Last edited by Retrorockit; 03-09-2023, 05:50 AM.

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  • Retrorockit
    commented on 's reply
    I made mine with the roller right at he top of the chainring, but I think it needs to happen sooner with this setup. It was OK for side to side from chainline, but the flapping up and down form actual slack seems to need a different solution. I haven't had any chains escaping form the derailer so I think that's the way to go.
    Now that I have the shifting control the zip tie offers, I might be able to give up the Rapid Rise and try a more modern derailer.
    Now that I'm looking into the toothed chain idler question some more it seems there are lots of choices in the trike community with the 8mm bearing size I'm already using. One source mentioned that toothed idlers were preferred for drive side use. It looks like I can just buy an idler and flip the seatpost calmp to the rear and have something better.
    Established in 1974, Hostel Shoppe leads the way in providing recumbent trikes and bikes to cyclists across the nation since the early 90's.
    Last edited by Retrorockit; 12-01-2022, 08:08 AM.

  • Retrorockit
    commented on 's reply
    I've been riding with 2 zip ties. No problem because of having 2 of them. The breakaway still works. I think my home made chain guide could be better. Instead of a roller that vibrates when it touches the back side of the chain I may do something with a derailer idler or 2 that can hold the chain w/o noise or vibration. But I'll give the more modern derailer a try first.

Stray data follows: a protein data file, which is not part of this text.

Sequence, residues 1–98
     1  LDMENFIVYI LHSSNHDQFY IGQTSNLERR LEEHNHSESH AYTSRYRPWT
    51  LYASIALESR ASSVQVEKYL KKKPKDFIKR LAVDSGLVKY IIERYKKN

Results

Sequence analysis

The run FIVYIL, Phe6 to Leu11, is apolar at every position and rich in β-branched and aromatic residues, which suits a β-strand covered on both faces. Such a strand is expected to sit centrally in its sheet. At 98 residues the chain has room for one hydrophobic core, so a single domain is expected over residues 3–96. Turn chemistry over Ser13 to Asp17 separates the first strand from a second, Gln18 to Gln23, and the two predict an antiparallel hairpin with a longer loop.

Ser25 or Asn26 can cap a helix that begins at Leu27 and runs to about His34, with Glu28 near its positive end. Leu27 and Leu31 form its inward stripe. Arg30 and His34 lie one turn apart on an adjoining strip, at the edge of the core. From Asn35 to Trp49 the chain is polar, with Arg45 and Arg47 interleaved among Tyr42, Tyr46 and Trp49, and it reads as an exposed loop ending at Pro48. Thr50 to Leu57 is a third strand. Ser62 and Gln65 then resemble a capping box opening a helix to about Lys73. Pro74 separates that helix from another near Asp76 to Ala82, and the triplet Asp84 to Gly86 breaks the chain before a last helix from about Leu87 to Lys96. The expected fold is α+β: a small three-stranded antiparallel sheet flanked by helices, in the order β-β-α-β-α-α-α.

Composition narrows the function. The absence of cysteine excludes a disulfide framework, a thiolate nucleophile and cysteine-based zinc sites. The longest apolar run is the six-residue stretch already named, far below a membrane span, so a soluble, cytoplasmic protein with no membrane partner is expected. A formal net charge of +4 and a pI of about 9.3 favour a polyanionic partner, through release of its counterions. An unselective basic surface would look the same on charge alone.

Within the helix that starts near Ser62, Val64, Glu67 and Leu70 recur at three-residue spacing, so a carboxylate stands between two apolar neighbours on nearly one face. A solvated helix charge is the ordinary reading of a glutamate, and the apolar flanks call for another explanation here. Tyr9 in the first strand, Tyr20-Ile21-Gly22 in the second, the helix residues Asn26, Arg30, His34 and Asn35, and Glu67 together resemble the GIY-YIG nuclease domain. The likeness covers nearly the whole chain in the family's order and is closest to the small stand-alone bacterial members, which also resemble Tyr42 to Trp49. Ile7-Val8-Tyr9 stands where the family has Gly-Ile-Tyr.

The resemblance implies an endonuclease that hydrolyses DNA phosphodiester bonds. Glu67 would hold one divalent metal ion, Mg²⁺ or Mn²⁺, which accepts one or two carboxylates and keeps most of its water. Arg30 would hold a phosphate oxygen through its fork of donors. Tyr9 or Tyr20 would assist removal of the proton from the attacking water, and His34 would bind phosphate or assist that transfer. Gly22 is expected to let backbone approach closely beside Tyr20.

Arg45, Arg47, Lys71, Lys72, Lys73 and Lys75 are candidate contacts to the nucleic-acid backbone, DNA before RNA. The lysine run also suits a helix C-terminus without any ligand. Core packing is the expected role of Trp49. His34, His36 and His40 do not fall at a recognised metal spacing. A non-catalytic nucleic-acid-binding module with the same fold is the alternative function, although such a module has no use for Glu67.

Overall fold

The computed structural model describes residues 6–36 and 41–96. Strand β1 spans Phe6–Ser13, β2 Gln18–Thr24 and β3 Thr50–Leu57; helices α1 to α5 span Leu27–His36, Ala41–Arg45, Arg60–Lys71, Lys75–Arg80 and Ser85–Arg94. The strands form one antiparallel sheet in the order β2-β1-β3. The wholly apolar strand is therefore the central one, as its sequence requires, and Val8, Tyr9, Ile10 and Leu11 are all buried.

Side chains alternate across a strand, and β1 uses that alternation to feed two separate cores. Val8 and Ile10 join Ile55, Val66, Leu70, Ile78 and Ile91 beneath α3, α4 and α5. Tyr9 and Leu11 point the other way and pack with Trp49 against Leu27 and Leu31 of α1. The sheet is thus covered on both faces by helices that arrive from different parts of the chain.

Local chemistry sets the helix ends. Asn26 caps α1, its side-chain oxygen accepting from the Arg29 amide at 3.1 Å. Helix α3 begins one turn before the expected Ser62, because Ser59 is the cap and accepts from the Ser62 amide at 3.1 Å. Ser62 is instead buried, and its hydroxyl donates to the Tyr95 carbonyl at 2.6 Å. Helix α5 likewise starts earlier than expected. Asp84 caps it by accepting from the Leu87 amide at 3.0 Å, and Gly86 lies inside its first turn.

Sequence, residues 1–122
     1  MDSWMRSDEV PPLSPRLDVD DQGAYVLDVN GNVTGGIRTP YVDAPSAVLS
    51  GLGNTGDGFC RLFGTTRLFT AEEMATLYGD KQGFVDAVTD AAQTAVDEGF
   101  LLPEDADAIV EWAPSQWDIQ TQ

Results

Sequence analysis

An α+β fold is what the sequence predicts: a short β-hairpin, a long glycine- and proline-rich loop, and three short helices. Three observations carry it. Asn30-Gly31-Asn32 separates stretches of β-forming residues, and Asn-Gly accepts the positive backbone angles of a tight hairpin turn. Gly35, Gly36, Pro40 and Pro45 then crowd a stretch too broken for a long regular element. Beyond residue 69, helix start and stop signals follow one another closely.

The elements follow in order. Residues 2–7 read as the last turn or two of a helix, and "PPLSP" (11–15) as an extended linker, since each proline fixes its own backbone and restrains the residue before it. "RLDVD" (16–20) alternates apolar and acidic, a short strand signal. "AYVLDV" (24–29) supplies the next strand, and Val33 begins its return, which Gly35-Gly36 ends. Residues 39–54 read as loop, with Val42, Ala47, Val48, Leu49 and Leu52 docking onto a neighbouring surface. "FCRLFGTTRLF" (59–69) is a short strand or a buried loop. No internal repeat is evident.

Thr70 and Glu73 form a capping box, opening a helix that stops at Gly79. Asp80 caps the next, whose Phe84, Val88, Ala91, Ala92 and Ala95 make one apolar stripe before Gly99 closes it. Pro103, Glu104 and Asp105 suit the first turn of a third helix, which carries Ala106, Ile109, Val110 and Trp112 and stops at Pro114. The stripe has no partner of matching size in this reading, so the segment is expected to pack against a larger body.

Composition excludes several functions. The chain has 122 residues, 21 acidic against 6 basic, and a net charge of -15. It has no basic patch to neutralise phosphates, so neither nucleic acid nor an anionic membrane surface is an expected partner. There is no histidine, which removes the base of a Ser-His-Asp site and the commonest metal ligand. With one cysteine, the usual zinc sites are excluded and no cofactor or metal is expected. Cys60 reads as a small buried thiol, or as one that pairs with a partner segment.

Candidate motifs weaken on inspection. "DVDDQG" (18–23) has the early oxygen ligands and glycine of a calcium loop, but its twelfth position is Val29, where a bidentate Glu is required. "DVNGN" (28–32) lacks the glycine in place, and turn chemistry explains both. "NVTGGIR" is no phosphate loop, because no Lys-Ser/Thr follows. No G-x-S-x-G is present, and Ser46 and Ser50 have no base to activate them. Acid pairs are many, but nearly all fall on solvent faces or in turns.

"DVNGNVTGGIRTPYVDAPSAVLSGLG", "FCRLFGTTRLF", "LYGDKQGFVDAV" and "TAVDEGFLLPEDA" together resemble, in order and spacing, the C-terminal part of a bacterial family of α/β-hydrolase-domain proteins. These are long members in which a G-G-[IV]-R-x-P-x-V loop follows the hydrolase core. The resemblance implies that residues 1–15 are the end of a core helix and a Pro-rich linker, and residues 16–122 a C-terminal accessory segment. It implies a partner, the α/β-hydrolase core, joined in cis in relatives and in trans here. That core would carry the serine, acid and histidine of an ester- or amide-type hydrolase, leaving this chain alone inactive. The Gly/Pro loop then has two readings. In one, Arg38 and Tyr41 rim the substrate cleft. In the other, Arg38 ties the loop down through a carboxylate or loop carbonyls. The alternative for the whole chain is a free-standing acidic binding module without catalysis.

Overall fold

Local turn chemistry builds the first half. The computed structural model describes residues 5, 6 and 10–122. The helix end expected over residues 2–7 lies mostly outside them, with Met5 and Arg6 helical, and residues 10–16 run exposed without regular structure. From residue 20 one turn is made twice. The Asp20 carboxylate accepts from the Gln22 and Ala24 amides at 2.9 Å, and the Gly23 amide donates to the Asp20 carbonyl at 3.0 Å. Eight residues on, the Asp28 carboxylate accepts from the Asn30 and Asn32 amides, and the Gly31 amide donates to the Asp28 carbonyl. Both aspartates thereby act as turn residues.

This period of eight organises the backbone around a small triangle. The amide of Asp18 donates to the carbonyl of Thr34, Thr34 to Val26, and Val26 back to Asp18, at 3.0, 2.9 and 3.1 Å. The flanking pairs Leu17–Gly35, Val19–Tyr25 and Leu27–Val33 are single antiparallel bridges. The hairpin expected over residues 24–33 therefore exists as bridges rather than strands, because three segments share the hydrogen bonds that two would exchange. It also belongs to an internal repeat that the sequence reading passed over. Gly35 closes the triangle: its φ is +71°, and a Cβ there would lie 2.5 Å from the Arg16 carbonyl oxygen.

I did get a Sunrace M9 derailer in. All metal, very heavy spring, and a clutch. Nice large metal sprockets with spokes to lighten them up. I'll give this a try, maybe it has enough tension to pull the slack out all the way around the front freewheel.
    I'll have to remove the Rapid Rise XTR setup and go with an SRAM Attack, or Rocket grip shifter But this has native support for 40t cassette cogs. So no hanger extension needed.
    Last edited by Retrorockit; 11-30-2022, 11:03 PM.

  • Retrorockit
    replied
    I broke another zip tie. No idea why. They usually last a month or so, and I knew what happened. So this time I installed 2 of them. My first roadside installation. The tweezers are the right tool for this. It was long ride into strong headwinds, But I don't see what that has to do with the zip tie mod.

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  • Retrorockit
    commented on 's reply
    The only noise mine makes is the chain whirring at 30mph when I dump it into lower gears. When that sound stops I know the zip tie broke.
    I don't HAVE to dump 5 gears at 30mph w/o pedaling, I can do it later, but I could do it before, so it is an issue for me. When I'm dropping just a gear or 3 for turns this hasn't been an issue. Just top speed to 0 seems to be the situtaion.But that's exactly when I have other things going on.